A wheel alignment realigns the angles of the wheels so that they are set to drive on their axis (straight) and not pulled in any direction. If your car isn’t aligned when you drive your steering wheel will feel like it is pulling to one side or the other, and if you get into any accidents the wheels may hit other cars they could cause further damage to your own vehicle.
When to get an Alignment?
It is not always obvious when you need to get your car aligned. Here are some of the common symptoms:
- The steering wheel is off-center or pulling to one side.
- You can see a drastic visual difference in tire wear across the driven wheels. When starting off, the car pulls towards the same side as your worn tire and then corrects itself as you drive forward.
- Your steering wheel has paint scrapes on it (but no dents).
- Your tires have uneven tread wear and have a thumping sound when they go over bumps. You are hearing a knocking or thumping noise from your tires when going over bumps.
One thing to note is that visual damage to the vehicle body or its fittings is not necessarily a good indication that your alignment is out of whack. No two accidents are the same, and no two impacts will cause exactly the same damage to all four suspension components. If you’ve had an accident, it is recommended that you get a qualified technician to inspect your vehicle before trying any DIY alignment.
How many miles should you get a wheel alignment?
If you notice these issues after around 40,000 miles, a wheel alignment should be done. If you notice these issues after around 20,000 miles, a wheel alignment should be done.
The symptom of your steering wheel playing out (no pun intended) to one side or the other is usually caused by improper tracking of the steering system.
If your steering wheel isn’t straight, it means that the wheels on that side of the car are out of alignment and when you make a turn they pull more to one side than the other. This happens due to wear in the suspension and steering components which cause them to lose their accurate alignment.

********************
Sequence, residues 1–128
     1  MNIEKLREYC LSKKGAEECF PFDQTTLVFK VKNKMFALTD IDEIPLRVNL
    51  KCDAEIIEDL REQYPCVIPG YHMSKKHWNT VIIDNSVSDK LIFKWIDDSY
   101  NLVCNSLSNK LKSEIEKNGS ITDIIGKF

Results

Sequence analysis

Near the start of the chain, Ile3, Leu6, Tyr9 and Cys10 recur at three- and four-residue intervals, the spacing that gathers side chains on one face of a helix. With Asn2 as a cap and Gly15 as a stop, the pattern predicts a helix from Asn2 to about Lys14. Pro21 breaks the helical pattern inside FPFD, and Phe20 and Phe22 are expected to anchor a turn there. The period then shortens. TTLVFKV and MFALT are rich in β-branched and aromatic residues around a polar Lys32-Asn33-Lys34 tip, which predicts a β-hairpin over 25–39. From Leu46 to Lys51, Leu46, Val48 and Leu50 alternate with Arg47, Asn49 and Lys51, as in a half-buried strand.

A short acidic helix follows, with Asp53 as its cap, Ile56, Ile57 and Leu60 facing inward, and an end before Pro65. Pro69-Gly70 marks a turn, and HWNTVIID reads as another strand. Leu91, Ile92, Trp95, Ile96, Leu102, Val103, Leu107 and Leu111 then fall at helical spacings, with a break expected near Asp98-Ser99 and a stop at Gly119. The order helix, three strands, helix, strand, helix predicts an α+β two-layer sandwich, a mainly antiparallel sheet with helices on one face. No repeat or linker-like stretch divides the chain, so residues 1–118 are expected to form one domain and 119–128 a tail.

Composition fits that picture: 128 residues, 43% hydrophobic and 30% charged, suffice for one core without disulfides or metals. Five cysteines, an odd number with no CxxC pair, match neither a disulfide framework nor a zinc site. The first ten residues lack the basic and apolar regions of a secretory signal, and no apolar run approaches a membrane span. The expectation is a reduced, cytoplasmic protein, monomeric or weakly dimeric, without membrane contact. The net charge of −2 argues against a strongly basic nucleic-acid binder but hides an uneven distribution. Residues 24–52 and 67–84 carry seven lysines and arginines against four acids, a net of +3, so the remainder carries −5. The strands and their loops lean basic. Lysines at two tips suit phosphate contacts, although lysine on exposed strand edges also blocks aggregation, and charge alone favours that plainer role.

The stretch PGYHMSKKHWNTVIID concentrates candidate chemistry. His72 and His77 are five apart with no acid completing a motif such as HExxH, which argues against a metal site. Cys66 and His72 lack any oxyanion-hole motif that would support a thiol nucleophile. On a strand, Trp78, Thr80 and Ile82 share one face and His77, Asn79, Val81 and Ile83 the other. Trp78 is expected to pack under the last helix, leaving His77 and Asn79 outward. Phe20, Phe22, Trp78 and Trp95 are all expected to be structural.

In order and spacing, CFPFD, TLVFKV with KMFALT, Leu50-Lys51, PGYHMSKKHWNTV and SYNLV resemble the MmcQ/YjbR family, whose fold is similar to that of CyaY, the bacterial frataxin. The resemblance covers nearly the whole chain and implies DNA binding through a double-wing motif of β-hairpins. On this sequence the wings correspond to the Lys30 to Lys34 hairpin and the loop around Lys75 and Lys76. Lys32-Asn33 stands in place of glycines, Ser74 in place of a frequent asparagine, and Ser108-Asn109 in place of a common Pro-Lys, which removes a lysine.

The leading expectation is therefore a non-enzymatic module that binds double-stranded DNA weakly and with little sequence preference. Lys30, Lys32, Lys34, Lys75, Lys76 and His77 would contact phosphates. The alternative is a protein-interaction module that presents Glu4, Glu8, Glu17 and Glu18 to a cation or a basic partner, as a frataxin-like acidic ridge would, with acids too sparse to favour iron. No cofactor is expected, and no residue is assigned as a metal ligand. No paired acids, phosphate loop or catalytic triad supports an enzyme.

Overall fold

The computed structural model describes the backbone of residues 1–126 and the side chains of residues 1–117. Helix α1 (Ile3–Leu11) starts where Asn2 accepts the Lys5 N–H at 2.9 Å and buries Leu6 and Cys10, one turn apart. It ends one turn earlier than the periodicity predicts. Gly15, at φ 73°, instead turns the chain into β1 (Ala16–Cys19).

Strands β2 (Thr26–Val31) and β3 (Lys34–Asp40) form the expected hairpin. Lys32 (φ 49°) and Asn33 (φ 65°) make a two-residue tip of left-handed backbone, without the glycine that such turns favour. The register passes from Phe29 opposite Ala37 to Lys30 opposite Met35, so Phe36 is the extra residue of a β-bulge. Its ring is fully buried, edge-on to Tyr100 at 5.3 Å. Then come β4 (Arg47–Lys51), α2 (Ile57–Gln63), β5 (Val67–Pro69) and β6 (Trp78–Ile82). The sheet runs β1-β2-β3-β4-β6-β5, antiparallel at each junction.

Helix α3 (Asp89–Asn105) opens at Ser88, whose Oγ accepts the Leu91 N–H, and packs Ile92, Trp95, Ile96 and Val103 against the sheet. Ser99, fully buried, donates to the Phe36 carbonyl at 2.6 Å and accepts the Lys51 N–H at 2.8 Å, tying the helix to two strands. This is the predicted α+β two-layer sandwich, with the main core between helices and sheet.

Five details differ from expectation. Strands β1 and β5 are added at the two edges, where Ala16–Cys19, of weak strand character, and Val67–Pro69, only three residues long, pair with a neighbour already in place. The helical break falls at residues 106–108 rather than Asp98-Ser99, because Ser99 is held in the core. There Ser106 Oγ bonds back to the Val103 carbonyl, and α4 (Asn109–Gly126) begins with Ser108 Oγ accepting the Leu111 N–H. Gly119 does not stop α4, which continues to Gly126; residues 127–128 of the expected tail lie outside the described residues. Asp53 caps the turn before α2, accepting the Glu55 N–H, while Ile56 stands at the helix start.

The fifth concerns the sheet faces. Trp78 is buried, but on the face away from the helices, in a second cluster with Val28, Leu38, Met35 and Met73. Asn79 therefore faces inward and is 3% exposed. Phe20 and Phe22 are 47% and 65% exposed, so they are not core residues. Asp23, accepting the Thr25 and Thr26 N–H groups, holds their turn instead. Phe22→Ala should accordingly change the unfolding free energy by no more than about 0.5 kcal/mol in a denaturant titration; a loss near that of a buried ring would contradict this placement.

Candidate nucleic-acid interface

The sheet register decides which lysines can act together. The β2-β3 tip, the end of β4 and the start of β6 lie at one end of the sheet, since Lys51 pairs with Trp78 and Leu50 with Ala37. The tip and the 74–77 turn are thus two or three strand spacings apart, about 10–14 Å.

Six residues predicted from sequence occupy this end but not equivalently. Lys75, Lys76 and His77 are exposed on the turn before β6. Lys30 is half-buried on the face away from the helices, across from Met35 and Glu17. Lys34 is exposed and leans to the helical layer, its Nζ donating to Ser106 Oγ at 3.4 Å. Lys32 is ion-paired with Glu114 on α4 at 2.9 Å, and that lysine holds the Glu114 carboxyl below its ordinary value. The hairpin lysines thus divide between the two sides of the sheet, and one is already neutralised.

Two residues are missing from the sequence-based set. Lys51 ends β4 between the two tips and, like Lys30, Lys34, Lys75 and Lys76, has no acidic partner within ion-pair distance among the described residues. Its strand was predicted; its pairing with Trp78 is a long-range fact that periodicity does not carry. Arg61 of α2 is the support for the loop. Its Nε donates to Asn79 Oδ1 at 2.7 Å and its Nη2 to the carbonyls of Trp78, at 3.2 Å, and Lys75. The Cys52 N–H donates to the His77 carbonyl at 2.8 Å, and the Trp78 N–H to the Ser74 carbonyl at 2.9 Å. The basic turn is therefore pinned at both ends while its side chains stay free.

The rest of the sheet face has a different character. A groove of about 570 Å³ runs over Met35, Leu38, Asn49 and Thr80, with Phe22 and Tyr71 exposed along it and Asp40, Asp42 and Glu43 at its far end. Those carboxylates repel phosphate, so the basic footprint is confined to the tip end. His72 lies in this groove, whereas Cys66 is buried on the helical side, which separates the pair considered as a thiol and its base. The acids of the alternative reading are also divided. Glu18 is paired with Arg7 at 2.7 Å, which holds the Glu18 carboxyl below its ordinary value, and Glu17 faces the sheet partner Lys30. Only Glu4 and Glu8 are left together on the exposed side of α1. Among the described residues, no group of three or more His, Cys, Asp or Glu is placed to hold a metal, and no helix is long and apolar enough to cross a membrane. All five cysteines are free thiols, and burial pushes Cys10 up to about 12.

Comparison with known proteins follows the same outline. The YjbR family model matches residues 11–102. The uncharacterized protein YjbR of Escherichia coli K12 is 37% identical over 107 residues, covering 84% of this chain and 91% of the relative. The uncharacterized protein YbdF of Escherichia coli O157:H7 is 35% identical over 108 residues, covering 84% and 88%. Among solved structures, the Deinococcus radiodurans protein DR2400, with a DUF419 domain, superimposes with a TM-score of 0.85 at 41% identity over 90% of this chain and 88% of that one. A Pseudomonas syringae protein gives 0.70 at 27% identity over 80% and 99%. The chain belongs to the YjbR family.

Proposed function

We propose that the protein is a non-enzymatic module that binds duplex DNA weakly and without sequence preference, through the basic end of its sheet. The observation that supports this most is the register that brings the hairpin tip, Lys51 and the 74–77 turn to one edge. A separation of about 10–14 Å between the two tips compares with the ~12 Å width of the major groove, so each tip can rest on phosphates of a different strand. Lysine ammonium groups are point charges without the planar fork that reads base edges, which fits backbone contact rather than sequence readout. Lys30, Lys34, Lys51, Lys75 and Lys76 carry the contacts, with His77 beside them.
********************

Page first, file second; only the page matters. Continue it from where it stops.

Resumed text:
How often should you get an alignment?
The frequency of alignment checks will depend on the quality of the roads you drive on and the amount of miles your vehicle is driven.
In other words, a car in Los Angeles that spends its time driving over and between freeway expansion joints should be checked more often than a car that drives on a flat, smooth surface.
A general rule-of-thumb for most vehicles is to have an alignment check every 30,000 miles. If you’ve noticed your wheels are wearing unevenly or your steering wheel is pulling to one side when going straight that’s usually a good indication that it’s time for the alignment to be checked again.
How do you know when it’s time for an alignment?
First, as discussed above, if your car is pulling to one side when going straight that’s a sure sign that the wheels are out of alignment and it’s time to get them checked.
If you don’t notice any pulling while you’re driving, then you should be checking your tires more often. Any time that you notice uneven tire wear or hear a thumping sound from under the vehicle when driving over bumps it’s time to get your wheels aligned.
How long can you go without an alignment?
As long as your wheels are straight and you aren’t noticing any pulling to one side or the other you can technically go without an alignment for quite a while.
What happens if you don’t get an Alignment when it needs it? If you run an alignment check and your car is perfectly aligned then there’s no need to worry that the wheels are out of alignment.
However, if your car is pulling to one side when driving straight then it’s time to get it checked out. The longer that you allow your car to be out of alignment the more damage will be done.
Even if your wheels are straight, if they aren’t aligned properly it causes uneven wear on the tires. This will lead to you spending more money on tires in the long run.
Is it bad to drive with bad alignment?
Not only will driving a car with bad alignment cause damage to your tires, but it can also affect the mechanical health of your car.
If you notice that one side of your vehicle seems to be hitting everything when you’re driving or that the steering wheel pulls to one side, then make sure that you get the alignment checked out as soon as possible.
Preventing Alignment Damage
As good maintenance is better than a repair, prevention is always best, and keeping on top of your wheel alignment can prevent further damage and potentially avoid an accident as well.
Is a lifetime alignment worth it?
Lifetime alignments are a great way to save money on wheel alignments for the life of your car. The idea is that when you buy a lifetime wheel alignment, you never have to get it checked again.
Which cars come with lifetime alignments? Lifetime alignment packages are commonly available on some Honda, Mazda, Nissan, and Toyota models.
Robert Anderson is a world class motorhead who rebuilt his first carb at age 10, his first engine at age 15, and completed his first full hotrod build when he was just 18! Previously, he has ran a part warehouse, delivered pizzas, and managed the service department for a $20 million/year revenue dealership. Robert knows cars like few others and he is passionate about sharing his knowledge.